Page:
life in forms of worship outside the enlarged pale of In the year 1665 there was a great plague, of the Church. Some thought that he would himself which, in August and September, eight thousand conform, because he urged the laity who thought with were dying every week. Because the plague was busy him not to forsake the Church. But he was comin London, Parliament met at Oxford on the 31st mitted to Clerkenwell prison for preaching in his of October, 1665. Many Nonconformists, who had own house at Acton. His wife went to prison with bravely stayed among the plague-stricken in London him, and, as he tells us, “ was never so cheerful a and other towns, occupied the pulpits left vacant by companion to me as in prison." He was released those of the conforming clergy who had fled. In because of a flaw in the mittimus, but was then their preaching they sometimes dwelt on the corrupt prevented by the Five Mile Act from return to life at court, and the persecution of their brethren. Acton. He went, therefore, to Totteridge, near Use is said to have been made of this fact by pro Barnet, where he had “a few mean rooms, which moters of one of the first acts passed by the Parlia were so extremely smoky, and the place withal so ment at Oxford, the “Five Mile Act,” which was cold, that he spent the winter with great pain.” strongly but ineffectually opposed in the House of Here he followed up a passage in a book of Dr. Lords. It enacted that all persons “ in holy orders Owen's, which suggested to him a chance of bringing or pretended holy orders," who had not fulfilled the Presbyterians and Independents to accord, and drew requirements of the Act of Uniformity, and who Dr. Owen into an endeavour to ascertain terms of a should take upon them to preach in any unlawful common understanding. It was the chief labour of assembly, conventicle, or meeting, should not, unless Baxter's life to bring English religion into the way only in passing on the road, come or be within five of peace. One of his many books (fifty-six publicamiles of any city or town corporate or borough tion had preceded it) was on “ The Cure of Church that sent members to Parliament; or of any parish, Divisions.” It was published in 1668, and gave town, or place wherein, since the Act of Oblivion, sixty Directions to the People that applied practically they had been parson, vicar, curate, stipendiary the teaching of Christ to the distractions of the lecturer, or had taken on thein to preach in unlaw- Church, with twenty-two additional Directions to the ful assembly, conventicle, or meeting, on pain of a Pastors. It is a very practical book still. This, for penalty of £40 for every offence. Every person who | instance, is one of the Directions :had not first taken and subscribed the oath, and who did not frequent divine service as established by law, was also subject to the same penalty if he or she should “ teach any public or private school, or take

DIRECTION XLIX. any boarders or tablers that were taught or instructed

Take notice of all the good in other's achich app areth, and by him or her.” It is clear, therefore, that whatever

I rather talk of that behind their lachs, than of their faults. party was uppermost, the use made of power showed that England generally had not yet outgrown faith If there were no good in others, they were not to be loved; in the possibility of compelling peace by the enforce for it is contrary to man's nature to will or love anything, but ment of one rule of Christian discipline and doctrine. I sub ratione boni, as supposed to be good. The good of nature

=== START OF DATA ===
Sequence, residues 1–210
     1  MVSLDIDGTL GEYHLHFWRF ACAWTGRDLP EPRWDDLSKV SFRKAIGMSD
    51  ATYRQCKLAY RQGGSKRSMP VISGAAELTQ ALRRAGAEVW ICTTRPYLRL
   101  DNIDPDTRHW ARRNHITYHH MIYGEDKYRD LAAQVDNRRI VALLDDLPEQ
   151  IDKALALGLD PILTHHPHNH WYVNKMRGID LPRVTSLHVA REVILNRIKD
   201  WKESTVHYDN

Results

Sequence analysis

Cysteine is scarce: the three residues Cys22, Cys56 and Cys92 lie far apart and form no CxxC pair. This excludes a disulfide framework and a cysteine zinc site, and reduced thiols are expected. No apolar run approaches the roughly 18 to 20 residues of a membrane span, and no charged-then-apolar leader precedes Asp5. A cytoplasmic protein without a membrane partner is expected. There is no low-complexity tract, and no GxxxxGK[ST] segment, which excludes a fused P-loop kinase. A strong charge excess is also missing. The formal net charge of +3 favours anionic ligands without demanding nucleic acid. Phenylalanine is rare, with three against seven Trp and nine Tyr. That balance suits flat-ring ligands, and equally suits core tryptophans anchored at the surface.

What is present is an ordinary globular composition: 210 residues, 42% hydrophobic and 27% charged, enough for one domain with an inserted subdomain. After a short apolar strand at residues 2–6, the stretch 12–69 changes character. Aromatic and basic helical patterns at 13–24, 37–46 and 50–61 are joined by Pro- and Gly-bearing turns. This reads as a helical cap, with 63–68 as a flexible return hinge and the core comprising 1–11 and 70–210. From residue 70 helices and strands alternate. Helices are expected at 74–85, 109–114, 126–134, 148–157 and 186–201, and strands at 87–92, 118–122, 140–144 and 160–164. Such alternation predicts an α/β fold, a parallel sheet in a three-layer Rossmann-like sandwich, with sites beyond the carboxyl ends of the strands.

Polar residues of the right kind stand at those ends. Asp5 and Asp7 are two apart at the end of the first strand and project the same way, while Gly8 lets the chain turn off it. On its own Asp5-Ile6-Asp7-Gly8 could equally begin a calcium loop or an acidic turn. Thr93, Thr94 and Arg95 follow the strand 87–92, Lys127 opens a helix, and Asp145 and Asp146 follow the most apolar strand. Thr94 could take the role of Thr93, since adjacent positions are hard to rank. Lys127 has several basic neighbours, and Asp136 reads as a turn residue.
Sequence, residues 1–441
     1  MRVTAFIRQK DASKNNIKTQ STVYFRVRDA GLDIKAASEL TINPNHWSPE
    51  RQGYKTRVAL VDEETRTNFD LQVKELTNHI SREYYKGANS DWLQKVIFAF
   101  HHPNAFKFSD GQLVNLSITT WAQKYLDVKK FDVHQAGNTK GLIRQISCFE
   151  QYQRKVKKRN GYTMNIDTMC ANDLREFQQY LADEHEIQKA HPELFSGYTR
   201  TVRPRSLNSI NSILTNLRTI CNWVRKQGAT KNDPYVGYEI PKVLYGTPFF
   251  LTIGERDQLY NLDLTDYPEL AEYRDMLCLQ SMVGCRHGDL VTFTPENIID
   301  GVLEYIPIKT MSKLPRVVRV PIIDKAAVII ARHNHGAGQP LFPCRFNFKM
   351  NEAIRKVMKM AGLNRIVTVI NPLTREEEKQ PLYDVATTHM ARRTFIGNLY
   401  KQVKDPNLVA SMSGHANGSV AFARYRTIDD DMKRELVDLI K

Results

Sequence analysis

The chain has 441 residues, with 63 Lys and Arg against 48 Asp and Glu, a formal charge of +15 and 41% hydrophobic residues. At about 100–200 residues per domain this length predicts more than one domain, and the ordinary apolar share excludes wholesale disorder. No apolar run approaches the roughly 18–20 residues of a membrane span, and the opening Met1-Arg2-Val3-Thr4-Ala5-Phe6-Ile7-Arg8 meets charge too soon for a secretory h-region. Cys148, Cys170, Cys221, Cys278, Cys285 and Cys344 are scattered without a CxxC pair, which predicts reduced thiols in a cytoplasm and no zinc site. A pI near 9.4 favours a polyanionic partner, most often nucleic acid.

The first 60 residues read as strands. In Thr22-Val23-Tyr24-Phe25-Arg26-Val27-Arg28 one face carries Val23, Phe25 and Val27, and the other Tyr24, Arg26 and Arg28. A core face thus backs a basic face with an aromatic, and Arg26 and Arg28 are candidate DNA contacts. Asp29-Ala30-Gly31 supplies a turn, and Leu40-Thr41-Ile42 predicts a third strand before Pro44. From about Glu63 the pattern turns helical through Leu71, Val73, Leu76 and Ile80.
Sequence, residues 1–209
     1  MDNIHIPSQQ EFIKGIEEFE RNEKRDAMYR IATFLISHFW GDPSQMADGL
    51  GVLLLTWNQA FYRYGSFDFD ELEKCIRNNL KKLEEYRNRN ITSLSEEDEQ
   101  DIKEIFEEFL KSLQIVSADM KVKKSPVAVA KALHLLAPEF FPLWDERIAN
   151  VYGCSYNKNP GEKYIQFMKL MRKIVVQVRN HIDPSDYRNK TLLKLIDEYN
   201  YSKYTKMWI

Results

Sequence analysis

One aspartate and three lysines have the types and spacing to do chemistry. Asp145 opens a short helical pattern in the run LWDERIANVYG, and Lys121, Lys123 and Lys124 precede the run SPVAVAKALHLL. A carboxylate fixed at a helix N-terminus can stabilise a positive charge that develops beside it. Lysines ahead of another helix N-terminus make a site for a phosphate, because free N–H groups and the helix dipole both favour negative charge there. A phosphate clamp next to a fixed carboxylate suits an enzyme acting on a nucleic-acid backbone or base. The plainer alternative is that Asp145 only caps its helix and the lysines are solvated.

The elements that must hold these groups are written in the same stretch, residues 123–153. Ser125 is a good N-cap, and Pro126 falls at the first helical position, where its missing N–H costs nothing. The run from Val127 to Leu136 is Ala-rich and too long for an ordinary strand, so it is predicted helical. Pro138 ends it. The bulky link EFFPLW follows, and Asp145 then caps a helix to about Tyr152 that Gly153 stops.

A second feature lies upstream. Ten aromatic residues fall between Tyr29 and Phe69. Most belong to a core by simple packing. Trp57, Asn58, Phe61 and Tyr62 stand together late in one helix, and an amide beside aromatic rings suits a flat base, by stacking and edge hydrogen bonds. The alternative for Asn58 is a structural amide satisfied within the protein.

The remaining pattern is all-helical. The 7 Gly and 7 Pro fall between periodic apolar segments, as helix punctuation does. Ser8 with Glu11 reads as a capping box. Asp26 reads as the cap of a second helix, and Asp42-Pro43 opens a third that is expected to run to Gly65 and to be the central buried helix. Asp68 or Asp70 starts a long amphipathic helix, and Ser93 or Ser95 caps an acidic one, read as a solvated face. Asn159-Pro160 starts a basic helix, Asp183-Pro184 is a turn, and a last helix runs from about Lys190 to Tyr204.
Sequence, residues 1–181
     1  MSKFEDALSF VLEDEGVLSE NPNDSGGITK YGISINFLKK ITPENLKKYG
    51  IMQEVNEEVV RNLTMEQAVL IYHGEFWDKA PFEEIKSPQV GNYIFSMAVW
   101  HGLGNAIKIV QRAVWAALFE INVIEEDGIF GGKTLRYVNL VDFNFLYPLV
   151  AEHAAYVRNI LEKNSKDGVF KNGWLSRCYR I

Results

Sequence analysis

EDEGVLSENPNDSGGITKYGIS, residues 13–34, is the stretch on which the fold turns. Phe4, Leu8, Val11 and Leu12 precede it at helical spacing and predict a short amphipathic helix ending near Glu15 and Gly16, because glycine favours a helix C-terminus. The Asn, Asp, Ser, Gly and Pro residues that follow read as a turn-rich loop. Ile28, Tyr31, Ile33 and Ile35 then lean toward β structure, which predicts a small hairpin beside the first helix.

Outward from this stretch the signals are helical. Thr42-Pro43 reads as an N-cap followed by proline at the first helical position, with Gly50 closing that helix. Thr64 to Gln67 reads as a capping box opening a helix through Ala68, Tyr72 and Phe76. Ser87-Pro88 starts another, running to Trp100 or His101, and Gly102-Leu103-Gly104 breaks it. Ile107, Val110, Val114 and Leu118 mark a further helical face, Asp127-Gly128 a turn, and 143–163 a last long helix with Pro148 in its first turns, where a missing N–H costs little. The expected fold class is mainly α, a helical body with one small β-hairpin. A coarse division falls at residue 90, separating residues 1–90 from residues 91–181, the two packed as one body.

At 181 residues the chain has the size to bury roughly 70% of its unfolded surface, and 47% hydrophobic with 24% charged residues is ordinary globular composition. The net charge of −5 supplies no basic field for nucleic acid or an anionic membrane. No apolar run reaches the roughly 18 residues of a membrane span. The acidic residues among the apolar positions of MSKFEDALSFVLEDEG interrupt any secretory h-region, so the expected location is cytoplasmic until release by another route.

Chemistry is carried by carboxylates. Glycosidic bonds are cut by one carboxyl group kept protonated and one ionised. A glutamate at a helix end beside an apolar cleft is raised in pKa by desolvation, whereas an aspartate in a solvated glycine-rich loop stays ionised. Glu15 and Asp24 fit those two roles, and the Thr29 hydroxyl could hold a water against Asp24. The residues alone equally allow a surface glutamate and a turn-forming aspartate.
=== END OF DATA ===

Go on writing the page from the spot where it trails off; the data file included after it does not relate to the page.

13 lovely in all men as men, even in the wicked and our enemies (and therefore let them that think they can never

THREE WAYS OF LIFE. speak bad enough of nature take heed lest they run into

The way of Divi. The way of Peace by The way of Division EXCERS); and the capacity of the good of holiness and happi.

sion by Violence. Love and Humility. | by Separation. ness is part of the good of nature. The good of gifts and of a common profession, with the possibility or probability of

I. sincerity, is lovely in all the visible members of the Church ; Depart from Adhere to the an- Depart from the and truly the excellent gifts of learning, judgment, utterance, the apostolical cient simple Chris. apostolical primitive and memory, with the virtues of meekness, humility, patience,

primitive simpli- tianity, and make simplicity, on pre. conuntedness, and a loving disposition inclined to do good

city; and make nothing necessary to tence of strict ob

things unneces- your concord and serving it; and make to all, are no amiable in some, who yet are too strange to a

sary seem neces- communion, which is new duties and new havenly life, that he must be worse than a man who will not sary in doctrine, not necessary. sins, which Scripture live them.

worship, disci.

makes not such. To vilify all these gifts in others savoureth of a malignant

os savoureth of a malignant | pline, and conumtampt of the gifts of the Spirit of God; and so it doth to

versation. talk all of their faults, and say little or nothing of their gifts


II. and virtue. Yea, some have so unloving and unlovely a

Endure no man Love your neigh- Account all those kind of religiousness that they backbite that man as a

that is not of your bours as yourselves ; ungodly that use set defender of the profane, and a commender of the ungodly, mind and way: receive those that prayers, or worship who doth but contradict or reprehend their backbitings, and but force all to Christ receiveth, and not God in the same are ever gainsaying all the commendations which they hear concord upon that hold the neces- manner as you do. of any whom they think ill of.

these terms of saries of communion,

yours, whatever be they Episcopal, But if yon would, when you talk of others (especially them

it cost.

Presbyterian, Indewho differ from you in opinions), be more in commendation

pendents, Anabapof all the good which indeed is in them-1. You would shew